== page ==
A variety of sizes was produced to sell at an average price of 3.80 a square (the amount needed to cover 100 square feet of roof surface with a three-inch lap). This price provided roofing slate in Canada at or under London prices and prompted the use of Melbourne slates in the covering of the Parliament
Buildings then under construction. In 1868, a second slate quarry was established two miles away by Montreal entrepreneur Charles Drummond. The New Rockland Slate Quarry soon surpassed the Walton company producing in 1875, 7000 to 8000 squares of roofing slate in contrast to 3000 squares by its new roof competitor.
Columbia, Nova Scotia and Newfoundland. The Newfoundland roofing slate industry, successful for a brief period from 1902 to 1905, sent most of its product to England.37 The two Eastern Townships quarries, which began production in the 1860s, were always the principal source of roofing slate production in Canada and supplied most of the needs of the Canadian market until 1900.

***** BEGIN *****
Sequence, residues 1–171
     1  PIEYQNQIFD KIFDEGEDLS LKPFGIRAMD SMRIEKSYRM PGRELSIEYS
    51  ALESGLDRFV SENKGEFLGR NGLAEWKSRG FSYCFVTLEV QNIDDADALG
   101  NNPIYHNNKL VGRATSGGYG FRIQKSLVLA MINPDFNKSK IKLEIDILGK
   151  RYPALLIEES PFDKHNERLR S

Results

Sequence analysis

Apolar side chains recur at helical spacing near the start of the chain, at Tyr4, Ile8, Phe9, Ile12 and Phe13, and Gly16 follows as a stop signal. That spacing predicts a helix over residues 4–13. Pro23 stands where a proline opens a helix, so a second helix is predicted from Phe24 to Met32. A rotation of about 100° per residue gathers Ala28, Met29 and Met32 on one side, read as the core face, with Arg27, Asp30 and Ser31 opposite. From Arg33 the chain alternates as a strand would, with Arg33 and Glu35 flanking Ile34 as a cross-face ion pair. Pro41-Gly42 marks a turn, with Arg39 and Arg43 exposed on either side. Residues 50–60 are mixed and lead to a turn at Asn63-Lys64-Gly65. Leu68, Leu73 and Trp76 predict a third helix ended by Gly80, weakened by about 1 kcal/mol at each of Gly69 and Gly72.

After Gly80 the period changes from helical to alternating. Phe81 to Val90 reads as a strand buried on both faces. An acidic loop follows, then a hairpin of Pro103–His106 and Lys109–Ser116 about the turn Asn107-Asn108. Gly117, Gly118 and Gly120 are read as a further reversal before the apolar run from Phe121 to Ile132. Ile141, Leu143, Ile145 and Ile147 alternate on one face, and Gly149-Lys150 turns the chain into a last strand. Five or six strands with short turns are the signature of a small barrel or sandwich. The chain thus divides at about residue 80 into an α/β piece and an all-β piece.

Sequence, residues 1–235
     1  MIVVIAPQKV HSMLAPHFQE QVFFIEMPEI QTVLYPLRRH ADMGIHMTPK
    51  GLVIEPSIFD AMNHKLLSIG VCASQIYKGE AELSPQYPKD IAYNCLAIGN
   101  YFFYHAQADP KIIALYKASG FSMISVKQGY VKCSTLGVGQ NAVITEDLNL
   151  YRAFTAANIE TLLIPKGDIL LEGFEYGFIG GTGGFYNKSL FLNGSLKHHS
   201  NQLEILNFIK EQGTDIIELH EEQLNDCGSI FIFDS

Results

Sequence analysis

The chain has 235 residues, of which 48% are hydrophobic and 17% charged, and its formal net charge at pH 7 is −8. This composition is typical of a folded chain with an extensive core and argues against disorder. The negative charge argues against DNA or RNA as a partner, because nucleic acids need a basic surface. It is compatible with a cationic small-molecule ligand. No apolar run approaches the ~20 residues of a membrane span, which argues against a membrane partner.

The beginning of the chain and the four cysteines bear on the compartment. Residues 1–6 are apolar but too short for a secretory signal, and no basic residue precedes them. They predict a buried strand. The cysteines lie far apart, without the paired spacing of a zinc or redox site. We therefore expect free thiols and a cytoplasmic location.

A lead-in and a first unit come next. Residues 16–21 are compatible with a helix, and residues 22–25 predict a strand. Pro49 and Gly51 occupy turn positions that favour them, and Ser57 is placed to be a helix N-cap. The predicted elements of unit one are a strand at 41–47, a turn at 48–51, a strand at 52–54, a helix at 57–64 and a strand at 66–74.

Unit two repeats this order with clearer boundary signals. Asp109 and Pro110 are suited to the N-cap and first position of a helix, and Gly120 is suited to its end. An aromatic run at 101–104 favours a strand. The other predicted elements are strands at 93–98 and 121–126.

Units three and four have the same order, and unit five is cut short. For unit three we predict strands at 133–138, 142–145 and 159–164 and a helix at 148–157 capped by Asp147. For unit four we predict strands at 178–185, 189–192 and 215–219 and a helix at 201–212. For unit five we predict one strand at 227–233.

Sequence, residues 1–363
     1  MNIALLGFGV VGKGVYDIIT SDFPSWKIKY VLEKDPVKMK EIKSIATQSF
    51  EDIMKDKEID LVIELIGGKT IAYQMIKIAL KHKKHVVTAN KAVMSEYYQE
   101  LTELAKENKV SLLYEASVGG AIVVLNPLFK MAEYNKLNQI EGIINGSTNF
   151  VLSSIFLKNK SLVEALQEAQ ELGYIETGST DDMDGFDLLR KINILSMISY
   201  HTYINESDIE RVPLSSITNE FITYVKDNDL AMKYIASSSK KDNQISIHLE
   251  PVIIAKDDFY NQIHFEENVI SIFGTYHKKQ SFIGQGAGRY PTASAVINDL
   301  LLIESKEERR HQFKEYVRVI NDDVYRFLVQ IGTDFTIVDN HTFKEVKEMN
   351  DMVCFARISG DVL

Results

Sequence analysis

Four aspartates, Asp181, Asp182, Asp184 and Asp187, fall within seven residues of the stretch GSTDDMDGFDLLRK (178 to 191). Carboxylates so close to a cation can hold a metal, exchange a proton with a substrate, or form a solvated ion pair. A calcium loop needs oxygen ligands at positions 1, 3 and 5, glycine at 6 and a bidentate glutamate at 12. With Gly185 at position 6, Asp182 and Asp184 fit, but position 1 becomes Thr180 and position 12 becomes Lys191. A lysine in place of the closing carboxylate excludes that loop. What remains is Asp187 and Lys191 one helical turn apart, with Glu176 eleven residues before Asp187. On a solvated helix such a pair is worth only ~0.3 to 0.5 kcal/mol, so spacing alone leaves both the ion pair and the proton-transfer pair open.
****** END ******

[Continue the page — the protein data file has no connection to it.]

The simultaneous beginning of a domestic roofing slate industry and the adoption of Gothic Revival and Second Empire styles for public building in the new Dominion were pivotal in increasing the popularity of slate roofing in Canada. The 1867 Parliament Buildings set the tone, embodying design elements of both styles and emphasizing the picturesque effect of the roof by the use of polychromatic (variously colored), slate-covered mansard roofs and towers. After
Confederation the federal Department of Public
Works chose the Second Empire Style to spread the federal image in an ambitious building program for post offices and custom houses throughout the country. The identifying feature of this style was the mansard or broken roof with slate arranged in decorative patterns on the slopes. In contrast to the four slate-roofed buildings listed in the 1867 Public Works report, Chief Architect Thomas Fuller’s report on public buildings for 1867-82 records with slate roofs. “Slates, 20 in. by 10 in., of approved tint or quality, from Richmond,” was a standard phrase in specifications for federal post offices and custom houses until the late 1880s.